News
2 min

PTS launches strategic two-year plan

Ottawa organization trying to get past recent governance issues

PTS marked the start of its 30th year by saluting alumni board members and volunteers at a Jan 20 event, which also included a first look at its 2013-2015 strategic plan. Credit: Steven Fouchard

PTS Ottawa has introduced an ambitious two-year strategic plan to widen the scope of its services and improve its corporate culture.

PTS vice-president Mike Jan presented the six-point plan Jan 20 as part of an alumni appreciation event at Bank Street bistro The Buzz.

Jan said the plan was developed in consultation with PTS stakeholders and aims to create a “more cohesive relationship” between the organization’s values and its governing documents. PTS executive director Claudia Van den Heuvel added that its letters patent, documents required to incorporate a charity, haven’t been updated since PTS was founded in 1984.

“After 30 years, it’s time for us to review them.”

The organization has seen its share of governance issues in recent years, including three annual general meetings where attendance was not sufficient to meet quorum. In 2012, five board members resigned, citing dissatisfaction with its direction.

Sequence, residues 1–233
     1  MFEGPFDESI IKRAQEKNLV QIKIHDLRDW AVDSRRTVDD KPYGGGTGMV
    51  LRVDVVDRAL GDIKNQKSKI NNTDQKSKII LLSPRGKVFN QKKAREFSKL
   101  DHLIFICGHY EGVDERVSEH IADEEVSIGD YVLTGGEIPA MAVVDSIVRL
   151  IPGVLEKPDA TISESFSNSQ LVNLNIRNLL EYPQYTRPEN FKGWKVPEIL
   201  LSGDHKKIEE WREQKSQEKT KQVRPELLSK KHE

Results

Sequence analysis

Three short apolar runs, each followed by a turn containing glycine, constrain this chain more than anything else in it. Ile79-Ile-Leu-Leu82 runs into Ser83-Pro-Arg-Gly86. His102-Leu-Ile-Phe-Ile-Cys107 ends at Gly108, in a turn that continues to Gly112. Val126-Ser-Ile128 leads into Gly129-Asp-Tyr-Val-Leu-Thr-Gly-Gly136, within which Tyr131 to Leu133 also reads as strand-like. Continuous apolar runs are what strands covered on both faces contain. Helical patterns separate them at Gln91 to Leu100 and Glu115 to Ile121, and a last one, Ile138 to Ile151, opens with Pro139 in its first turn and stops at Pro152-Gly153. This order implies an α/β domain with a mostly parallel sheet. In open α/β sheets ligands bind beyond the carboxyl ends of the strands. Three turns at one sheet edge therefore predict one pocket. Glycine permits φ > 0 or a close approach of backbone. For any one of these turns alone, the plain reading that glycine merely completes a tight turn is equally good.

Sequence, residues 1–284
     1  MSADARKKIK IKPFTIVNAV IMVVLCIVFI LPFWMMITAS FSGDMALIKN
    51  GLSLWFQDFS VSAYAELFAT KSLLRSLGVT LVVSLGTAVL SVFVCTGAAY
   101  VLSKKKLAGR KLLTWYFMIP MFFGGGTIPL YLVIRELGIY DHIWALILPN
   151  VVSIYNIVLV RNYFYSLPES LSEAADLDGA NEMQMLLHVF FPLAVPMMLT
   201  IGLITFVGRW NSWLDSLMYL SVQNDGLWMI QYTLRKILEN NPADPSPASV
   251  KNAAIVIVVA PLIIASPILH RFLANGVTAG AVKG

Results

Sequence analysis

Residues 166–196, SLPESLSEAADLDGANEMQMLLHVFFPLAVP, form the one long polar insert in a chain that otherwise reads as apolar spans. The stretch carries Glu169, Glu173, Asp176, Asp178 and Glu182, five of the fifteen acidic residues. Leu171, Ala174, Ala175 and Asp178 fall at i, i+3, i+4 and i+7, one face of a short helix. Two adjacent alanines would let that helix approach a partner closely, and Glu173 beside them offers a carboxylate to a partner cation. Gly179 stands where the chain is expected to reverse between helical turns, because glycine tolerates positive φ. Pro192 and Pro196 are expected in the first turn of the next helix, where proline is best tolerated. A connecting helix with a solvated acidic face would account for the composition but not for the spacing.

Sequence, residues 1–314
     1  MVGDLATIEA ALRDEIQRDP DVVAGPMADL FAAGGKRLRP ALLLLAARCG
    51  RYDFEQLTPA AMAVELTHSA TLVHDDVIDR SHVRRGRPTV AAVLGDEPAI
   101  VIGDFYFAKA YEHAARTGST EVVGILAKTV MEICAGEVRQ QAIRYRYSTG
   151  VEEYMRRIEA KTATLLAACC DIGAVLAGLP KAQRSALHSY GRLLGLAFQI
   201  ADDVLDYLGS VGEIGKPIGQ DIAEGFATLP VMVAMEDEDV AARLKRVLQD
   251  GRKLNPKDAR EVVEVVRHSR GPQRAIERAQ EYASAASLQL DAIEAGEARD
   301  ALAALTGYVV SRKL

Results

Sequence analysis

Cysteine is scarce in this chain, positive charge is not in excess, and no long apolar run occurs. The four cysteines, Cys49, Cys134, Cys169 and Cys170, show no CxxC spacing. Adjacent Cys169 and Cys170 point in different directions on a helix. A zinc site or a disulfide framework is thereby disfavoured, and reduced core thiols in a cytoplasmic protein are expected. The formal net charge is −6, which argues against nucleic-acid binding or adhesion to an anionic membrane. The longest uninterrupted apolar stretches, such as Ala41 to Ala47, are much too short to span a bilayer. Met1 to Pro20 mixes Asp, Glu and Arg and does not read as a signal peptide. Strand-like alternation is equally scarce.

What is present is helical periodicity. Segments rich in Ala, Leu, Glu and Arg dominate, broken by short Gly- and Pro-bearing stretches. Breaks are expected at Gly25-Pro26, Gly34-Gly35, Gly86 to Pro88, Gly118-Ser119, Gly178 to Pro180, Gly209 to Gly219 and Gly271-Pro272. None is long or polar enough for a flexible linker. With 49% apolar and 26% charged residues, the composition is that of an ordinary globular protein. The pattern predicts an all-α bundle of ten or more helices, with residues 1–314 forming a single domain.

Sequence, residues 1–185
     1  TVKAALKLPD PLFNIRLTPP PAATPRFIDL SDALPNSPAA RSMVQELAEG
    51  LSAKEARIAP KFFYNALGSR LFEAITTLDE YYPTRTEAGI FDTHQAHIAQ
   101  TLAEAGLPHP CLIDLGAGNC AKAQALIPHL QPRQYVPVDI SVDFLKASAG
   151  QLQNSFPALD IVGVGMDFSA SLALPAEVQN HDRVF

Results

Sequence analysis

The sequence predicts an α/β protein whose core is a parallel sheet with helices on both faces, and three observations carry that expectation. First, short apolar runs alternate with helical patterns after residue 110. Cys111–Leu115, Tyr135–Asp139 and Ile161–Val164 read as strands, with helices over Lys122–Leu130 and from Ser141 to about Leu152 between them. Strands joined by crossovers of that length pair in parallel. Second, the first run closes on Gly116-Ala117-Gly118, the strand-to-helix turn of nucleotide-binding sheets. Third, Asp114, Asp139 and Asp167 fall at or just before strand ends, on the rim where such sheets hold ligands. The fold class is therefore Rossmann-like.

Other priorities in the strategic plan include services aimed directly at the 50-plus demographic, residents of rural communities and queer people of colour. Services for immigrants, such as language training, are also part of the plan, Jan said, adding that bringing youth and seniors together is a key priority. “We can’t have a vibrant community without interaction between generations.”

Capacity building will be a major focus over the next three years, Jan said, and PTS will seek to bolster its volunteer ranks by joining Volunteer Ottawa, which links volunteers to organizations as well as providing education and training for members.

In terms of fundraising, Jan said the focus will be on diversifying revenue sources by seeking out more corporate and union donors and partnering with peer organizations on fundraising initiatives.

The strategic plan also focuses on increasing PTS’s profile by collaborating on community events with other organizations, including Capital Pride. More details on a Pride partnership are forthcoming, Van den Heuvel said. “That’s an exciting one for us. It’s good for our visibility.”

More generally, Jan said, the plan envisions PTS as a “champion for social change and social justice” that will “empower all queer people in Ottawa.” This includes being a major voice in commenting publicly on a variety of social justice issues, he added.

Van den Heuvel highlighted several events in the works to mark PTS’s 30th anniversary, including the return of its fundraising gala, which will take place April 10.

The popular Glitterbomb fundraiser is again set for May 9.

“That will be similar to last year,” Van den Heuvel said, “but better."